If reading the preceding paragraphs prompts you to object, it is likely because you object to the notion that ordinary people with useful skills are the ones that really determine how our society is shaped. Most of the resistance to this argument comes from public sector employees, i.e. public school teachers, who don’t really participate in the labor market in the same way that most of us do. For the average person, however, being in possession of some useful labor skill is the only way to earn a living. This is the overwhelming majority of society, and so most of the shape of our world is determined by these economic forces.

Let us return now to the initial question of the impact on cities following the remote work experiment. If the shape in terms of infrastructure and real-estate development of our society is determined by where skilled workers prefer to live, it then follows that if workers determine that they can earn the same (or more, adjusting for cost of living expenses) in another location, there would no longer be an economic pressure for those workers to live in a place like Chicago.

For evidence of this principle, you need look no further than the suburbs. Suburbia developed as workers with economic mobility discovered that they could live further from the city and its multifarious problems while still retaining a similar purchasing power to their urban colleagues. In time, real-estate developers caught on, and some employers followed as well. It’s common in our casual historical mode as Americans to assume that the suburbs constitute an abandonment of the city, rather than viewing it as a development of the automobile, which is probably more accurate. The social strife of the era only accelerated the inevitable.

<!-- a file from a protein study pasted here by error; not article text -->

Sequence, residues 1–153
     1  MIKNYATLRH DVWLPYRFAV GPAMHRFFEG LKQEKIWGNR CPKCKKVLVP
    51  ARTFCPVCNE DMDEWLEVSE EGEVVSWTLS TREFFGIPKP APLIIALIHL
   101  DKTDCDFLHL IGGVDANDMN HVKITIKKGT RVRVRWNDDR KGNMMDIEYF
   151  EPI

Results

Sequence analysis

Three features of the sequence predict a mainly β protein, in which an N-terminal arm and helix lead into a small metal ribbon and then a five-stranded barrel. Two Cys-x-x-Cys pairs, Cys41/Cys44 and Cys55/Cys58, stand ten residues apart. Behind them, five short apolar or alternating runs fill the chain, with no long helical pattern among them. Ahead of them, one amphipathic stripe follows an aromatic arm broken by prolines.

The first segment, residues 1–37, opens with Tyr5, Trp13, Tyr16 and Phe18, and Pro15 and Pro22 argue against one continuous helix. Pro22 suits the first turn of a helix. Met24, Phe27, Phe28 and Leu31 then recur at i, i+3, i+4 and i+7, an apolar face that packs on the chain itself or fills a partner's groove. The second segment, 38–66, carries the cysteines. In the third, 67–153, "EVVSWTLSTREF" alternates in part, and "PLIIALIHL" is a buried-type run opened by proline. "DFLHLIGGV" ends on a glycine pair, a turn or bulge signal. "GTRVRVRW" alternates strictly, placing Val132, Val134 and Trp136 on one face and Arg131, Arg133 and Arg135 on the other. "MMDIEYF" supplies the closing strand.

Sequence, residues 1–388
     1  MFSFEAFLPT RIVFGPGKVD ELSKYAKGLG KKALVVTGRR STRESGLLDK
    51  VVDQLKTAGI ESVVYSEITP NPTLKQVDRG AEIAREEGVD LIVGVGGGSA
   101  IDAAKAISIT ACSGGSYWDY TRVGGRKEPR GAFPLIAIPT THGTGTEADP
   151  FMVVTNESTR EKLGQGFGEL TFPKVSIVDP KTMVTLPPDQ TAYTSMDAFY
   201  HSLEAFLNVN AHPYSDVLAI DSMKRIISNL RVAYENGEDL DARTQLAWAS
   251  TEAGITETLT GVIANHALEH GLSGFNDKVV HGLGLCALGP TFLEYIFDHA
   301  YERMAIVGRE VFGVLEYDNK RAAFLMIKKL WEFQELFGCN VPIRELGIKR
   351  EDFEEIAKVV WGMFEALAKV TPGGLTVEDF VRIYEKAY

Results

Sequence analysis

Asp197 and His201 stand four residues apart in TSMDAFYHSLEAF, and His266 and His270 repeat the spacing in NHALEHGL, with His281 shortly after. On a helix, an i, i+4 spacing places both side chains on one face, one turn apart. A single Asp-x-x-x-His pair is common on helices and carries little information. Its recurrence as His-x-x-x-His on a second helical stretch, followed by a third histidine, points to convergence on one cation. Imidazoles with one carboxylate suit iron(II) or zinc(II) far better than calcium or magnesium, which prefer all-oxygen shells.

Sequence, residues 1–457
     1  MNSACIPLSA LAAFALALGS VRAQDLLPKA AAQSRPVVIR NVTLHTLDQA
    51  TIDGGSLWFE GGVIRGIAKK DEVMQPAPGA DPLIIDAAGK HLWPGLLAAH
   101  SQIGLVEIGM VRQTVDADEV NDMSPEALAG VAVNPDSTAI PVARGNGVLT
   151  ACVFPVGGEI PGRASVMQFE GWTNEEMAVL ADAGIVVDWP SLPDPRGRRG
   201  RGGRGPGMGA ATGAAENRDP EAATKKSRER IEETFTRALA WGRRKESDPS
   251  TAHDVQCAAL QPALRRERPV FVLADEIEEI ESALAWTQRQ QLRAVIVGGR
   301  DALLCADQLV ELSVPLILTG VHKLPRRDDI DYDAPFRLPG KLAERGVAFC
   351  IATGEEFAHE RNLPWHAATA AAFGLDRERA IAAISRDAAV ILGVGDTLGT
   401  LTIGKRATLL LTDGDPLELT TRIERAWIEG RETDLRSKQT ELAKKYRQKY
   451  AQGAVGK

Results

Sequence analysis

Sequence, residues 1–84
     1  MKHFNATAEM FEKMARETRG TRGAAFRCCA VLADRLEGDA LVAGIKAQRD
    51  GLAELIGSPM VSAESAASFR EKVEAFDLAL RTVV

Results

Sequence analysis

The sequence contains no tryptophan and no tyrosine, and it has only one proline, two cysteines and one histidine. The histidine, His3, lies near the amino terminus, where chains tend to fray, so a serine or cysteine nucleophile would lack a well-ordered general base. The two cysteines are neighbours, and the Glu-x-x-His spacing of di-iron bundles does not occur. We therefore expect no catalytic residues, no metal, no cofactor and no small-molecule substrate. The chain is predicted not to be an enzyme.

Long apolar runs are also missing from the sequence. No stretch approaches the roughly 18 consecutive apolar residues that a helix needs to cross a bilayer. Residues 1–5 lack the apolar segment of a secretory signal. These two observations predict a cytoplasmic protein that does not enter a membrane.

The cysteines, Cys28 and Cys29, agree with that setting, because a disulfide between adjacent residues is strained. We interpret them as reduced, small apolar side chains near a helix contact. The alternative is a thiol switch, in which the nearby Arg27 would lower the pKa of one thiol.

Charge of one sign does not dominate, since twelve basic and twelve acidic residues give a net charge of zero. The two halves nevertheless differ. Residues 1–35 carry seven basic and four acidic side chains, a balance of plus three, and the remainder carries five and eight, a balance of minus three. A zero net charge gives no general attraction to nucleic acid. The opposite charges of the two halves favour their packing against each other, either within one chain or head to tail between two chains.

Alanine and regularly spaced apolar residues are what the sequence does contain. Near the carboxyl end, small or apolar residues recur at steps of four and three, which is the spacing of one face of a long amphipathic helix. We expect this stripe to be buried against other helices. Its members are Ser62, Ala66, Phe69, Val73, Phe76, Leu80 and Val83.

If the automobile opened up miles of undeveloped land to suburban commuters, then the internet has been promising since the late 90s to do the same for many workers. While remote work has been on the rise for a while, the last year has certainly accelerated the process of more companies embracing — or at least, grudgingly accepting — remote work.

I for one tend to prefer remote working, but with a lot of caveats. I’m an introvert and so being able to control my work environment is a huge boon during my working hours. However, effective communication over video chat requires a great deal of discipline. Calling a colleague over video chat is more akin to standing over their desk and demanding their full attention. You must do some prep work to know what questions you’re going to ask in order to gather enough information to then return to your independent work. On the whole, it’s a less collaborative style of work, which of course lends itself more to certain professions than to others. I also think that remote work would be extremely difficult at the beginning of your career. I don’t think I would have had the self-motivation and organization skills necessary to work from home back when I was fresh out of college.

But I have a suspicion that whatever the downsides of remote work, it’s not going away. The way the world appears to be heading, we’re going to be working remotely for a lot longer than we think.

If the “experiment” in remote work continues on for years, it will be difficult to convince some workers that coming into the office is a necessity. Indeed, it’s impossible for employers to argue now that in-office work is necessary to be productive. If this drags on long enough, we may start to see real-estate development moving even further out from the ‘burbs into exurbs and smaller cities hours away from the nearest large economic center. The long-term effects could be a radical change to the shape of America.

(As a side note, I once turned down a job offer here in Austin because the office location would have necessitated that I either move or accept giving up my after work activities. When I spoke to the hiring manager about this concern, I suggested that, given the length of the commute, I could work remotely part of the day and so skip the heavy commute time. This was deemed unacceptable — they insisted that the work could only be done in their fairly generic office, from 9am – 5pm. I turned it down, citing the commute. I hear that the company has since changed their tune!)